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Medicine and Public Policy |

A Professional Response to Demands for Accountability: Practical Recommendations Regarding Ethical Aspects of Patient Care

Linda L. Emanuel, MD, PhD
[+] Article, Author, and Disclosure Information

For the Working Group on Accountability* Acknowledgments: The authors thank Hillel Alpert, Gary Ellis, Dennis Thompson, and four anonymous reviewers. Grant Support: By the Greenwall Foundation and the DeCamp Foundation. Requests for Reprints: Linda Emanuel, MD, PhD, Harvard Medical School, Division of Medical Ethics, 641 Huntington Avenue, Boston, MA 02115.

Copyright ©2004 by the American College of Physicians

Ann Intern Med. 1996;124(2):240-249. doi:10.7326/0003-4819-124-2-199601150-00008
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Forceful new demands for accountability in medicine are arising from many interested parties.To maintain professional standards, physicians need to establish which demands are desirable and which are not. We adopt a model of stratified accountability that includes three major components: the accountable parties, the subject matter, and the processes for accountability. To begin describing the model, we focus on physicians and health care institutions. We focus on the ethical dimensions of medical practice, both because the difficulty of measuring such behaviors makes this a test case for accountability and because of the importance of ethical standards in maintaining patient trust.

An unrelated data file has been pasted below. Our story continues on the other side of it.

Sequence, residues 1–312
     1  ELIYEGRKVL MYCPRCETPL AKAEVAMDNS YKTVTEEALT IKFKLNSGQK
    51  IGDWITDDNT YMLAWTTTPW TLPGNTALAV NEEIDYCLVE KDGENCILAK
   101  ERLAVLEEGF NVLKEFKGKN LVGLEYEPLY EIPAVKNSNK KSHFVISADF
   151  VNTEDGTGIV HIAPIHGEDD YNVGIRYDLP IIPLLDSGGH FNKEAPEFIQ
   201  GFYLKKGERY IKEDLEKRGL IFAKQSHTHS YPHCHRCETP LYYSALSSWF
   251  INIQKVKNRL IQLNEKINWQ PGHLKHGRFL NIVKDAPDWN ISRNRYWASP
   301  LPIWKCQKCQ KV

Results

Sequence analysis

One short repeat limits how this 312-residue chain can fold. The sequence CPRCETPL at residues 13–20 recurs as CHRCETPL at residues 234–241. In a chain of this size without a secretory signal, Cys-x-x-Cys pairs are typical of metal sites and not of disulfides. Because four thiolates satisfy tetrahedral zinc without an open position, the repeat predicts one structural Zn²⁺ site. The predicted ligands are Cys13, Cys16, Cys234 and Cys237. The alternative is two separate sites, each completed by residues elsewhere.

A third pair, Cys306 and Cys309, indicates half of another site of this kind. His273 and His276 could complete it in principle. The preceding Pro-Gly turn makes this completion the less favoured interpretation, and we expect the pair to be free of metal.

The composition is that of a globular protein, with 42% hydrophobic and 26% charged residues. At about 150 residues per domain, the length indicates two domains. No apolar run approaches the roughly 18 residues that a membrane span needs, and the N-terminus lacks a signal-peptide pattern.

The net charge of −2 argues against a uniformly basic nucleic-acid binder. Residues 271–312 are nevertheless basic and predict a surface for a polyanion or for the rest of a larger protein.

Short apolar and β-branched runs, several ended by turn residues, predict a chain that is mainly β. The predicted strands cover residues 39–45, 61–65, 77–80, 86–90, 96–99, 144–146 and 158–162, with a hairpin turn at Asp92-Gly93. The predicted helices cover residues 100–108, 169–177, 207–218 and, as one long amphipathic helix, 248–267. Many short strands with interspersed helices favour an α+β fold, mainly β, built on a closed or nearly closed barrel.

We first identify eight widely endorsed content areas for accountability in ethical conduct:medical decision making, confidentiality, fiduciary obligations (including conflicts of interest), responsibilities arising from patient vulnerability, personal standards, equity among patients, cultural representation, and procedures for resolving dilemmas. We then identify the currently most valid and reliable methods for assessing conduct: surveys among all involved parties, testing methods used for accreditation, limited audits, publication of policy, and careful use of report cards. A prototypical survey and report card are illustrated. However, we also note the need for improved accountability assessment methods. We next identify mechanisms for taking responsibility: sharing information, exchanging perspectives, making adjustments, and enforcing standards when necessary.

Finally, because this report only begins to describe a small part of the accountability model, we urge explicit identification and development of professional standards for accountability in the many other areas of medicine.

*From Harvard Medical School, Boston, Massachusetts. For the current author address, see end of text. *For members of and consultants for the Working Group on Accountability, see the Appendix.







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